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Finanzcheck is the first German fintech company that fires people on a large scale

The layoffs at Finanzcheck underline that it is primarily the credit fintech companies that are suffering the consequences of the Coronavirus pandemic. The British marketplace lender Funding Circle announced its de facto withdrawal from the German market. At the beginning of May, the Frankfurt SME credit marketplace Creditshelf admitted a 31% slump in business for the first quarter.

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This picture show a city in Germany.

For the first time, the case of a German fintech company becomes known, which, explicitly referring to the Corona crisis, pronounces dismissals on a larger scale. Specifically, the case concerns the highly betted Hamburg credit comparison portal Finanzcheck, which yesterday, July 7th, confirmed the layoff of around 20 employees. 

“Due to the Corona crisis, Germany is undergoing an overall economic review. Unfortunately, Finanzcheck has not been spared these developments either. We mediate loans, where the slowed down consumer behavior of the Germans in the second quarter became noticeable,” the statement said. Three sources had previously told Finanz-Szene.de that there were as many as 30 terminations. However, the company rejected this figure.

Find out more details about the layoffs the fintech company Finanzcheck underwent recently and read the latest business news with our companion app, Born2Invest.

Finanzcheck is one of the largest company in instalment credit market 

Together with Smava and the market leader Check24 (there are no links between the two companies beyond the name affinity), Finanzcheck – launched in 2012 – is one of the major players in the German installment credit market. In mid-2018, the founders sold the company to the Munich-based Scout24 Group for almost $340 million (€300 million), to date the largest exit by a German fintech company ever. A presentation to investors at the time showed that Finanzcheck had grown dramatically by 2017 and in that year had a brokered credit volume of $1.2 billion (€1.06 billion).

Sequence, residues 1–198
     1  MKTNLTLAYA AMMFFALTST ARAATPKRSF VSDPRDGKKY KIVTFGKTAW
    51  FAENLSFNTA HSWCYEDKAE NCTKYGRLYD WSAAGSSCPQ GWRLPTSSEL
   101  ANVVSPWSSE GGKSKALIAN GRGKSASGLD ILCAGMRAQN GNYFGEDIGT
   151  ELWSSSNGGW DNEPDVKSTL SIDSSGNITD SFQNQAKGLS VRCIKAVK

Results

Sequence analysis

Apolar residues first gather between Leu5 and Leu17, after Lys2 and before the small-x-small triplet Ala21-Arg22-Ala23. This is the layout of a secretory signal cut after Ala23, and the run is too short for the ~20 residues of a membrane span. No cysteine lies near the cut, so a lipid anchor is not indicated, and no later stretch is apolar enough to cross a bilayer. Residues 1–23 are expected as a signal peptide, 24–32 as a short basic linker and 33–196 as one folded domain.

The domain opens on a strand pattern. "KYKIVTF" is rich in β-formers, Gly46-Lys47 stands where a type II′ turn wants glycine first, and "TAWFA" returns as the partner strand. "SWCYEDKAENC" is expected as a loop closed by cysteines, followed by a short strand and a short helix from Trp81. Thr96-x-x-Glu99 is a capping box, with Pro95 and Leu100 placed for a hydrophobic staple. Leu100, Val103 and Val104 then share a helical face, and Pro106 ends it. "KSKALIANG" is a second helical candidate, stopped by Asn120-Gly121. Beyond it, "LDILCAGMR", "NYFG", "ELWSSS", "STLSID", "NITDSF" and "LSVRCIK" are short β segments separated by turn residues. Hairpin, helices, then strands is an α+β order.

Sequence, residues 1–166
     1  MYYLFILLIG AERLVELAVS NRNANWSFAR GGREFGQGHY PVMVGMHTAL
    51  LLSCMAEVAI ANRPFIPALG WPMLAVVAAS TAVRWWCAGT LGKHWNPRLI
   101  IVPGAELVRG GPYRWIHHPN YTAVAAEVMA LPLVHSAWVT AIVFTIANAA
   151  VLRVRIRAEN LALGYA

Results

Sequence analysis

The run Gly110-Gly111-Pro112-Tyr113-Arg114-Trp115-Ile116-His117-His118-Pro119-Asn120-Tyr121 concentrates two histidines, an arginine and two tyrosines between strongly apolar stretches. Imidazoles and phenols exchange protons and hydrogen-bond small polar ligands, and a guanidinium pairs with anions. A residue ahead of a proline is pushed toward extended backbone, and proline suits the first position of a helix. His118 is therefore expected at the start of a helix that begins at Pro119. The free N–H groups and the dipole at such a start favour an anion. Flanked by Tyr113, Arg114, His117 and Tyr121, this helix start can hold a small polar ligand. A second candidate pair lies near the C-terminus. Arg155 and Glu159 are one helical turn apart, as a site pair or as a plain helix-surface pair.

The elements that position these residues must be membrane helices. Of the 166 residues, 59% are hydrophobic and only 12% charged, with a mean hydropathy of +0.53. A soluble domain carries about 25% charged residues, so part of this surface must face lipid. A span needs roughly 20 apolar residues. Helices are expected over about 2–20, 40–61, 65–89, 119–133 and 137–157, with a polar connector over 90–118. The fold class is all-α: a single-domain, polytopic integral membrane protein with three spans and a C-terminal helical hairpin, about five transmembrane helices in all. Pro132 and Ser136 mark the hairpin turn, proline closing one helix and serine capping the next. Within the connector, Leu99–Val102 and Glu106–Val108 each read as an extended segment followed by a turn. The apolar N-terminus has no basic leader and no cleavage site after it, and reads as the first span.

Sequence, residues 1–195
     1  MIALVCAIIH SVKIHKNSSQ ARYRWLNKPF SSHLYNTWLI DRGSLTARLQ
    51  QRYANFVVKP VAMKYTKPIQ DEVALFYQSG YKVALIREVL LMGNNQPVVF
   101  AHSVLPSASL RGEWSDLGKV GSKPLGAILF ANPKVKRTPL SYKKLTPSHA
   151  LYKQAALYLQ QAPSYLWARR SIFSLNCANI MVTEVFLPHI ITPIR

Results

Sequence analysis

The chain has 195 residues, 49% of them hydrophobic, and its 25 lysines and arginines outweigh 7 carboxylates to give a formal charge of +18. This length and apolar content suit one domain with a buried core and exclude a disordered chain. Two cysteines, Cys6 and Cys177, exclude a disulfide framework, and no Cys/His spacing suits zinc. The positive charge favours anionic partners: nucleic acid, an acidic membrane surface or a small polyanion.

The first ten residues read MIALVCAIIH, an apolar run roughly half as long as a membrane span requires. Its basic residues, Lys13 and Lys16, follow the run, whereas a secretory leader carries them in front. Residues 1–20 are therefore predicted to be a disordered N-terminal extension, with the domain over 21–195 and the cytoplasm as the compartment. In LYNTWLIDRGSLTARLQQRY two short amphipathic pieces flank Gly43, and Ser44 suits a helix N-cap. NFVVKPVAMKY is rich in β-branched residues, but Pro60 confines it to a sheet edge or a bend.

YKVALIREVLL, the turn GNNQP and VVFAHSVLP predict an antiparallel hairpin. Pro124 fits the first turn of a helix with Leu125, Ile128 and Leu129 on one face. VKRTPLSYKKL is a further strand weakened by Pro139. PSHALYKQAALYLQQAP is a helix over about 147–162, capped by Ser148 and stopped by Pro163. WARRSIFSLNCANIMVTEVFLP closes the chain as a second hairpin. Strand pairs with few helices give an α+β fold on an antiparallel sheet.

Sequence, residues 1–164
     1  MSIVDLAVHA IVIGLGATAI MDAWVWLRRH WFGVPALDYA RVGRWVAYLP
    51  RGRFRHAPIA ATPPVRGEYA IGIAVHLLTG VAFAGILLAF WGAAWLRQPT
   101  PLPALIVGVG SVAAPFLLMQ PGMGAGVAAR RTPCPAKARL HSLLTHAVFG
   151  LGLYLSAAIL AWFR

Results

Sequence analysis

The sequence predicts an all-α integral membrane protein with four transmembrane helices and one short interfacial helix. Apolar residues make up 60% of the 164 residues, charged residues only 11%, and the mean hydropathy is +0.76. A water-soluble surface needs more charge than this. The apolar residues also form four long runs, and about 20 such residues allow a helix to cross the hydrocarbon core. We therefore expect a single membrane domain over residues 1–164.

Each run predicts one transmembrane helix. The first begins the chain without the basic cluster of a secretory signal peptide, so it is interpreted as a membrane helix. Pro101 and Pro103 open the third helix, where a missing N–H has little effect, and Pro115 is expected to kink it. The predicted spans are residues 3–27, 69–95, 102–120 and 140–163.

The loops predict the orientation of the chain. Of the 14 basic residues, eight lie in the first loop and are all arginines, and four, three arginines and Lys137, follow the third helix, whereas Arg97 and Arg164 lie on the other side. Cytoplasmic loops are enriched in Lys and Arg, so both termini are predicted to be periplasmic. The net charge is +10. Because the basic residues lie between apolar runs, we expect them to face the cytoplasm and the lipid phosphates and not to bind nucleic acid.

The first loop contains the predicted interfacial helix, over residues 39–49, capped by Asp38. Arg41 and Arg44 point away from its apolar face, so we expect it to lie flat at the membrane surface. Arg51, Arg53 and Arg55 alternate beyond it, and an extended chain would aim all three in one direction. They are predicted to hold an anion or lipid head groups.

In the course of the sale, however, growth seems to have slowed down as early as 2018 (although the figures at that time were not 1:1 comparable with those of the previous year). As far as it is known, more recent figures are not available. 

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From a balance sheet perspective, Finanzcheck initially merged with the listed Scout24 Group – before it was announced at the end of last year that Scout24 was selling its Hamburg subsidiary along with other assets to the US financial investor Hellman & Friedman.

Other fintech companies that were affected by the corona crisis

The layoffs at Finanzcheck underline that it is primarily the credit fintech companies that are suffering the consequences of the Coronavirus pandemic. On March 12th, the British marketplace lender Funding Circle announced its de facto withdrawal from the German market – although it remained unclear whether this step was connected with the onset of the crisis. 

Shortly thereafter, the Berlin factoring fintech company Finiata announced that it would henceforth concentrate on the Polish market and would not accept any new business in this country. Another sobering piece of news came at the beginning of May when the Frankfurt SME credit marketplace Creditshelf admitted a 31% slump in business for the first quarter. Finally, even among those German Fintech companies which announced short-time working in spring were various credit specialists, including Auxmoney.

At Finanzcheck, too, short-time work is said to have been introduced before the layoffs finally took place. In its statement, the fintech company did not go into these points. Instead, it said: “The redundancies were made in the context of an adjustment to the new market conditions and a presumably longer lasting recession with the clear goal that we now emerge from the crisis stronger in the new set-up. This will enable us to grow sustainably and profitably in the medium term.” In addition, Finanzcheck emphasized that the approximately 20 employees affected only accounted for about 6% of the workforce.

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(Featured image by liggraphy via Pixabay)

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First published in finanz-szene.de, a third-party contributor translated and adapted the article from the original. In case of discrepancy, the original will prevail.

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Desmond O’Flynn believes in minimalism and the power of beer. As a young reporter for some of the largest national publications, he has lived in the world of finance and investing for nearly three decades. He has since included world politics and the global economy in his portfolio. He also writes about entrepreneurs and small businesses, as well as innovation in fintech, gambling, and cannabis industries.